There’s only so many times you can tell the same story and see a huge elaborate Indian wedding in a film. There’s so much space for stories to be told by people of a British Asian background that aren’t about that, that just incorporate actors from different backgrounds. I’ve grown up with black and white kids and I’ve had experiences with them that weren’t racial or cultural, they were just experiences – it was messing about in a park and getting into a fight, for example.
So moving on to fashion, what’s your go to look?
Recently I wore something to The Asian Awards which I really liked – I looked back at photos and think “yeah, you did alright there Chana!” I wore really fitted skinny jeans, a nice fitted shirt with a tie, a waistcoat and a blazer. It wasn’t necessarily coordinated, it was quite separate. I like fusing together different things without being uniform and I love dressing up smart – I think because I don’t have an office job.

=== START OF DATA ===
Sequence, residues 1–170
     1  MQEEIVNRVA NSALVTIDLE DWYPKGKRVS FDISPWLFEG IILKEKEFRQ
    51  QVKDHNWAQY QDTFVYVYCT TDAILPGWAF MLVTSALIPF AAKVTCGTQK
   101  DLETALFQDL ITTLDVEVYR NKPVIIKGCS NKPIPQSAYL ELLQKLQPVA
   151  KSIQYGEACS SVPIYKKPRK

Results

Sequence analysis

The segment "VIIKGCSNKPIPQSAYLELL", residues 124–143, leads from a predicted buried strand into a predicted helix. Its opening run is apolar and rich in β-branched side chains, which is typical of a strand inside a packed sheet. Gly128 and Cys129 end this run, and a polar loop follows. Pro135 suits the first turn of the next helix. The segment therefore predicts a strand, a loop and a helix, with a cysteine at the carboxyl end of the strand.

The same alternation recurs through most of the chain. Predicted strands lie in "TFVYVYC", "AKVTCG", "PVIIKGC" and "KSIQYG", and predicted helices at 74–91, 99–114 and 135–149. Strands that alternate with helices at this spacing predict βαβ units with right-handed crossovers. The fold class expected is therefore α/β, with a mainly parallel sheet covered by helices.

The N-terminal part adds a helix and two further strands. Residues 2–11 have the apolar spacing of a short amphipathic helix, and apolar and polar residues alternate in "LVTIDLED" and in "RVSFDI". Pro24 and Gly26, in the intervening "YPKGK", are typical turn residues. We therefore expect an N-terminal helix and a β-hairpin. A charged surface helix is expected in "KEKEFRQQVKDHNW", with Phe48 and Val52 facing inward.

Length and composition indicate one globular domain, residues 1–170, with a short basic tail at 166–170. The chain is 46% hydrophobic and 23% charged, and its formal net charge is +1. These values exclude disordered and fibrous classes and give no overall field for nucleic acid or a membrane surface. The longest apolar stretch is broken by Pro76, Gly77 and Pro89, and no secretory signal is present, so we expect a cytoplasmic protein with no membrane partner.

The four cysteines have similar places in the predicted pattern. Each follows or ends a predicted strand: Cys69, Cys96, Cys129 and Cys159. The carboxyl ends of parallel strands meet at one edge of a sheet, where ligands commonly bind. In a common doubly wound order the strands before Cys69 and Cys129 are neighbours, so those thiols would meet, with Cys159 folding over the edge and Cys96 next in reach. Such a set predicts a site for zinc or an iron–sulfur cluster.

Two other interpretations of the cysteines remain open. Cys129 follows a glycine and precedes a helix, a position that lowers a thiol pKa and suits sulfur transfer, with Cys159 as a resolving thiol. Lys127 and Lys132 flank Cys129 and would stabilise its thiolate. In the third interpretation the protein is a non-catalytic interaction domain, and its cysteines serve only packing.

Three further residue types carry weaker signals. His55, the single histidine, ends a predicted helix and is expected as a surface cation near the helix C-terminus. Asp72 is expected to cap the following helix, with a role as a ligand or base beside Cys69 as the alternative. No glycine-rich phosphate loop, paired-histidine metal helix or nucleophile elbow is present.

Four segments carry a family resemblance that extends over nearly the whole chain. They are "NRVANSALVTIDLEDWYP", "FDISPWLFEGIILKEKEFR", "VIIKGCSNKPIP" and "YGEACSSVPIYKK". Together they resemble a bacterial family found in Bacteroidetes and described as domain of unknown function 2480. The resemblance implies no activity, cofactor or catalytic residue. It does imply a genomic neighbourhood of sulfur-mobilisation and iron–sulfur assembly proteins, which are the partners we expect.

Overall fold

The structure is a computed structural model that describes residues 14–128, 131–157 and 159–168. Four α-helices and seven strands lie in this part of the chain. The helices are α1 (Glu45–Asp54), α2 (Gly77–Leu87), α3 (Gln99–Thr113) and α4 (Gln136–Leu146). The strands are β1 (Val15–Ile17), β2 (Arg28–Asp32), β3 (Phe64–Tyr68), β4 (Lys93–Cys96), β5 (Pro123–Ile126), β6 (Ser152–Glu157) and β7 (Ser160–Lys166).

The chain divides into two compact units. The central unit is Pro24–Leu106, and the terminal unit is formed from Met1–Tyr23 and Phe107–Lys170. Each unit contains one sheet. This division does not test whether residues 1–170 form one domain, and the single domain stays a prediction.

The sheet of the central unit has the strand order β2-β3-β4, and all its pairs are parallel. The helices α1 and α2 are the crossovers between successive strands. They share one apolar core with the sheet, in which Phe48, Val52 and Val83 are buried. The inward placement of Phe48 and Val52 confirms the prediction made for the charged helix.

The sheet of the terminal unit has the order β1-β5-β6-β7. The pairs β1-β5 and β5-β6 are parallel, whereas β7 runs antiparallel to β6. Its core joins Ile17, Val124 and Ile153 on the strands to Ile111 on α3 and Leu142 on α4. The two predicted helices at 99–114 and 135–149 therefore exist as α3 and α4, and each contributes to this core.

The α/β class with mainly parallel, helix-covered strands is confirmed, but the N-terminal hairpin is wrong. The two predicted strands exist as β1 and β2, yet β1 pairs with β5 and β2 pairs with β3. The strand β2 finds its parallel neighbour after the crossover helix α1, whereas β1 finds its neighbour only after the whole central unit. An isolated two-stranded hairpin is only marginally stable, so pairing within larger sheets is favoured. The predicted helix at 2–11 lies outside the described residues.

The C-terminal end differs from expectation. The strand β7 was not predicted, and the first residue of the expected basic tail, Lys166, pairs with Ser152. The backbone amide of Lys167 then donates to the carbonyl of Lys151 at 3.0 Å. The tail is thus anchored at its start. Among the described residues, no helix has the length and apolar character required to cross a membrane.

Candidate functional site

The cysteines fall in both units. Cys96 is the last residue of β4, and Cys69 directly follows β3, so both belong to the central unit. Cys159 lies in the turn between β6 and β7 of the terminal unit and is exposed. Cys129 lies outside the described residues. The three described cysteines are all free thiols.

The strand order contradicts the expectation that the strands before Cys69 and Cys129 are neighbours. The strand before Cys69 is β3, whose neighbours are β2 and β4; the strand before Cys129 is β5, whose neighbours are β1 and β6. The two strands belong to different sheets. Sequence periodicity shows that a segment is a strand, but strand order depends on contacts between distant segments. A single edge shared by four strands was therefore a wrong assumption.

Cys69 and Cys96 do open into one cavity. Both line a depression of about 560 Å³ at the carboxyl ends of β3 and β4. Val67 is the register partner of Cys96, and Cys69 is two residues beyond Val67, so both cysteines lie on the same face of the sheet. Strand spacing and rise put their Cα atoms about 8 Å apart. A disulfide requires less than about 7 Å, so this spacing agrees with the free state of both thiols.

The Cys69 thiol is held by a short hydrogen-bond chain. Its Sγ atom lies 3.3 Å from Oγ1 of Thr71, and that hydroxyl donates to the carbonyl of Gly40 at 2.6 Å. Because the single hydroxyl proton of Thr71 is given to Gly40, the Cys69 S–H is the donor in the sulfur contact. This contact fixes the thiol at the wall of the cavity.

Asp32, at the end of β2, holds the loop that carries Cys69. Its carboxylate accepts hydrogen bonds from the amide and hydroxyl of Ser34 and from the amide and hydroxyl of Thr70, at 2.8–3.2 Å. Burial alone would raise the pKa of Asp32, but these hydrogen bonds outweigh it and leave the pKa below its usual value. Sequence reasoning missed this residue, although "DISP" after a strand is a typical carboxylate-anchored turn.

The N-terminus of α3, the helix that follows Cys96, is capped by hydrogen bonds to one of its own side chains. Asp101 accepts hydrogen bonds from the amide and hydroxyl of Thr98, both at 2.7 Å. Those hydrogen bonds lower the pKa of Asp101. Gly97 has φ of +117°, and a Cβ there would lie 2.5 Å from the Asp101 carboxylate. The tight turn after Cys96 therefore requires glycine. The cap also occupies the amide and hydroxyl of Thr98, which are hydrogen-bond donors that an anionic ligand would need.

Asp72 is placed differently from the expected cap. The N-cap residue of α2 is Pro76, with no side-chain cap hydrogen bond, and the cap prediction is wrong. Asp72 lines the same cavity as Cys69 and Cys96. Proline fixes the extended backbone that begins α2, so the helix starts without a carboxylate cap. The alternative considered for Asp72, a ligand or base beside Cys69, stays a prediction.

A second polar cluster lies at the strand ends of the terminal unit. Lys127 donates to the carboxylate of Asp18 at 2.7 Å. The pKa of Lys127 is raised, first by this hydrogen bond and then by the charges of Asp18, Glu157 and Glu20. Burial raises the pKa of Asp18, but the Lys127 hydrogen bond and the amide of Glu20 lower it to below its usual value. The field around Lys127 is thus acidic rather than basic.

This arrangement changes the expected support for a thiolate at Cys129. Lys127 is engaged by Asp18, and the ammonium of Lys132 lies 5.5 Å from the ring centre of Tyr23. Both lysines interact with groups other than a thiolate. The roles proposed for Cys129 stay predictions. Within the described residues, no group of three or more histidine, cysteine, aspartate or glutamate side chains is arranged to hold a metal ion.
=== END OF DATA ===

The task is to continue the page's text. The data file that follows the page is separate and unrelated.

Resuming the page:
What are your wardrobe staples?
Ripped blue Diesel jeans and polo tops – collar up!
Whose sense of style do you most admire?
It’s hard to say. I love the way Saran Kohli from Entouraaj dresses actually! He expresses himself really well when it comes to fashion. And it’s not about labels and things. It’s about taking a pair of loafers and rolled up jeans and putting it together with a smart blazer which he has the skill and talent to cut and design himself. I really like the way he dresses. I’m also a big fan of Ozwald Boateng– I like his style and even got my wedding suit from him.
Unhallowed Ground is now available on DVD and don’t miss Ameet Chana in upcoming BBC drama My Jihad.